Assessing the Obesogenic Environment in Primary Schools: A Multi-site Case Study in Jakarta | BMC Nutrition

School Features

The six schools contacted agreed to participate in the study. Two schools were located in an area of ​​very high socio-economic status, two were at the high level and the other two at the medium level. There is no school located in the socio-economically disadvantaged area of ​​Jakarta. The number of students varied from 111 to 541 per school. In general, schools had no or only one teacher trained in nutrition and health education, usually the physical education teacher or the teacher in charge of the school health post. The two schools located in the moderate socio-economic status (SES) have a teacher trained in nutrition and health education, but only one of the two schools located in the high and very high SES has such a teacher. Two of the four public schools observed in this study shared buildings, sports fields and canteens with other schools. Another school shared the building/area with an orphanage. Table 1 describes the characteristics of schools.

Table 1 School characteristics

Food access and availability

Table 2 presents each school’s food access and availability based on components 2 and 3 of the PSEA tool. All schools have a school canteen on their premises, open according to school opening hours. No guidelines for a healthy canteen existed in any of the schools. All canteens served a breakfast menu, and the most popular food choices were rice dishes (e.g. fried rice, coconut rice, turmeric rice), fried noodles/vermicelli/ instant breads, sweet breads/rolls, spaghetti and various deep dishes. – fried snacks. A public school canteen had vegetable soup on its menu. Sugary drinks and instant drinks (sachets) were the favorite drinks of students in all schools.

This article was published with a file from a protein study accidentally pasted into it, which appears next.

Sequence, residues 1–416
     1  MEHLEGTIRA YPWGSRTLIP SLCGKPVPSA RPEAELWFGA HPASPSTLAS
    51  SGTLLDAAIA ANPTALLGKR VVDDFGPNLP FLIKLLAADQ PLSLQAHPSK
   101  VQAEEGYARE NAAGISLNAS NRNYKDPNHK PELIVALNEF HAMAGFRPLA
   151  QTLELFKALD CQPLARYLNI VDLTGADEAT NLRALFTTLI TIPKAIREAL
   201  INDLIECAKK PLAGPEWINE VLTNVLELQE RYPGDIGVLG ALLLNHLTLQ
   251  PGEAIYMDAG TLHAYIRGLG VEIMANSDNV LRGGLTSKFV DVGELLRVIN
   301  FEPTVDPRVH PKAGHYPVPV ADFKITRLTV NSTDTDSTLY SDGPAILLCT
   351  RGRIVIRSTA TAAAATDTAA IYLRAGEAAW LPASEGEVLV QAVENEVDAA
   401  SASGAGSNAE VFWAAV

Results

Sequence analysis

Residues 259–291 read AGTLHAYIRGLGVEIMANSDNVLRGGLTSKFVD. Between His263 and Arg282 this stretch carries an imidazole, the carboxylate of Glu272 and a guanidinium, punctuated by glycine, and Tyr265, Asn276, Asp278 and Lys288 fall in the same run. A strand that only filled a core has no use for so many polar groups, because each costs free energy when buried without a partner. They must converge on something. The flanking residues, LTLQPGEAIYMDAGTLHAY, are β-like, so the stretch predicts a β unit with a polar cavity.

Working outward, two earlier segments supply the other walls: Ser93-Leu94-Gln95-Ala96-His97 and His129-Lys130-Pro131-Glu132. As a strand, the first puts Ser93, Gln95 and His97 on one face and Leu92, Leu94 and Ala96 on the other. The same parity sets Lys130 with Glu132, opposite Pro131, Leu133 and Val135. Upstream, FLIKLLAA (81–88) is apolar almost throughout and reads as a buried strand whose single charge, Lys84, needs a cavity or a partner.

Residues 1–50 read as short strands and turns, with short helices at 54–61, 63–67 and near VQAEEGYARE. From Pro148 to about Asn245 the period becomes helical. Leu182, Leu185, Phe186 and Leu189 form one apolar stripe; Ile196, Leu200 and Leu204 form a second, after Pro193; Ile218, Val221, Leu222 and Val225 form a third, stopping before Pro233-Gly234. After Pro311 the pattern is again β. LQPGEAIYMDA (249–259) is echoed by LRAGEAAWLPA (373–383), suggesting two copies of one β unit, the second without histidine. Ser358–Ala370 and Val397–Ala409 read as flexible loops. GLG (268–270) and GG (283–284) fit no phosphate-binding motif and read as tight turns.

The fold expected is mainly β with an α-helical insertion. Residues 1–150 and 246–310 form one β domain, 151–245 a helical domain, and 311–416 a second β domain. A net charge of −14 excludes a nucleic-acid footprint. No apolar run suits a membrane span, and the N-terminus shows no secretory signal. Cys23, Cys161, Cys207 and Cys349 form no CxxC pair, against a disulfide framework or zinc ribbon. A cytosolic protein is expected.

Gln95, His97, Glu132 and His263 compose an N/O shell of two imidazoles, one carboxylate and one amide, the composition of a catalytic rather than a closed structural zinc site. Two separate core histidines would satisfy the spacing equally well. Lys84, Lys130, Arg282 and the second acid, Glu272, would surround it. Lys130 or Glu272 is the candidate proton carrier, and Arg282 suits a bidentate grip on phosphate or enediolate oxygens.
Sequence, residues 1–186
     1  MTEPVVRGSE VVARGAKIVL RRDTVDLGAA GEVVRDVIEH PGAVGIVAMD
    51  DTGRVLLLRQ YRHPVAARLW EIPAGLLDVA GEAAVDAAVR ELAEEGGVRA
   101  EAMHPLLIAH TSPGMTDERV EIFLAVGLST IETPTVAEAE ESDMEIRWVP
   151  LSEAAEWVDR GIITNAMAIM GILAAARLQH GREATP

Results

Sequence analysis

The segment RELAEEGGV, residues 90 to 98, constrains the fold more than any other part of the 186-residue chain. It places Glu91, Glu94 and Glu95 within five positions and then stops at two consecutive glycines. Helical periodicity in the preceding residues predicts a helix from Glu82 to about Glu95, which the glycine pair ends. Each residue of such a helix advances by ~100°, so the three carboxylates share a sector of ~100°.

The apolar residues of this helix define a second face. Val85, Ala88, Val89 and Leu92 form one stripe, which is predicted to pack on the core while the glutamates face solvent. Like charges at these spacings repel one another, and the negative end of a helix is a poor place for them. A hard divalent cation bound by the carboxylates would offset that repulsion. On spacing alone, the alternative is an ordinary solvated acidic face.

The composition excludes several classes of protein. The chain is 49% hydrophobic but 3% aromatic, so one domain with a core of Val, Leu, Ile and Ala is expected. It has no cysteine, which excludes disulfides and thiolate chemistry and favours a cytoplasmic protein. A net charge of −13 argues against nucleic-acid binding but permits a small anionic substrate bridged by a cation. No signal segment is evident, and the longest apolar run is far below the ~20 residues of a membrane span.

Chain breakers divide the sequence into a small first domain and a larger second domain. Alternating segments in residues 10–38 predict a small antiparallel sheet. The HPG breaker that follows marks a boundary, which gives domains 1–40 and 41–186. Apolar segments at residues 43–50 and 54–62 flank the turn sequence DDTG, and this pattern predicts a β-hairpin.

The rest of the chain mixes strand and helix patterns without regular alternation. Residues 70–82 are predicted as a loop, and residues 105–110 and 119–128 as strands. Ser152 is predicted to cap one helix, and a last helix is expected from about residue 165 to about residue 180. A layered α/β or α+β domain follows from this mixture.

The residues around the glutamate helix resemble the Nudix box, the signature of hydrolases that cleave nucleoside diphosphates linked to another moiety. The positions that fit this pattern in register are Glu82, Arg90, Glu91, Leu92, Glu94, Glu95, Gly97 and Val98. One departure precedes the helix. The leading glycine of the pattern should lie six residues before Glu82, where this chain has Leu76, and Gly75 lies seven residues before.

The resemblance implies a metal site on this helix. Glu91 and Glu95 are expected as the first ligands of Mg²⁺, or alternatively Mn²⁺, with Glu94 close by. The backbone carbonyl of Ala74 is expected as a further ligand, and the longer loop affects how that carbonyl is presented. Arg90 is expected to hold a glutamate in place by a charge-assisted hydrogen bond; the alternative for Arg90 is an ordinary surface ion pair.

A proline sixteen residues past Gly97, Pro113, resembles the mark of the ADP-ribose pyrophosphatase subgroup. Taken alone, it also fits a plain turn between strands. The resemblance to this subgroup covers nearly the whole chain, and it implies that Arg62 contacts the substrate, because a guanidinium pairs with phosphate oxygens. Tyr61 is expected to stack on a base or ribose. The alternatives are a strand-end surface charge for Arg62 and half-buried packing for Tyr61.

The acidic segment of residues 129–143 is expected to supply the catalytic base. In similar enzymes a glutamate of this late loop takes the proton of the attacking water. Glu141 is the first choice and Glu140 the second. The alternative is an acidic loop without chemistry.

Table 2 Food access and availability in primary schools based on primary school environmental assessment

Almost all canteens had fruits or vegetables on their menu. However, canteen staff at all schools noticed that fruit or vegetables were not popular among students. A private school canteen never offered healthy meals to students because they thought no one would buy them. When canteen staff were asked about the promotion of healthy eating on the menu, two canteens in the four public schools mentioned that they offered a healthy meal as a daily special menu which was occasionally promoted. None of the canteens of the two private schools has ever promoted healthy eating. The two schools in the Moderate SES zone admitted to promoting healthy meals on a daily basis, while those in the Higher SES zone either benefited only occasionally or never had the promotion.

“There are vegetables every day, like bean sprouts, mustard greens and tofu, and sometimes spinach. The children’s favorite dish is crispy chicken.

Canteen staff (school 5).

Canteen staff perceived healthy foods as those without high sugar and salt content, but still preferred by children. It would be difficult because children love sweet and salty foods. We found that sugary drinks and fried foods were very popular.

“What is taken into consideration is that the snacks sold in the canteen, the food and the drink itself, must be healthy, not high in sugar and salt, children like it, but must take into account spices and containers used.”

Canteen staff (school 6).

Food prices in this study are expressed in United States (US) dollars and cents. Rice-based meals generally cost less than a dollar, while the cost of snacks (eg, chips, crackers, variety of fried snacks, candy, and chocolate) was even lower (

School canteens are regularly inspected by local public health centers (Puskesmas). Some (2/6) have also been inspected by the Indonesian Food and Drug Agency. The inspections also included street food vendors in the vicinity. All canteen staff considered routine inspection by the Puskesma to be sufficient to maintain the hygiene and quality of the canteen. None of the inspections took into account food variation and nutritional quality, as their main concern was to look at food hygiene and cleanliness. Catering services from external sources were also optional in some schools (3/6), especially in private schools. These services were usually organized by parents or a former teacher. This external food source was provided at an additional cost to the students. The catering service provided a full lunch box consisting of rice, meat/chicken, vegetables, fruit and dessert (eg ice cream/probiotic drinks).

Almost all schools had easy access to street vendors. Only one school did not have access to street vendors because it is located in a narrow alley, which limited vendors’ access to the school environment. Most schools (5/6) did not have strict regulations prohibiting their students from buying food from street vendors, but one private school prohibited their students from accessing street vendors.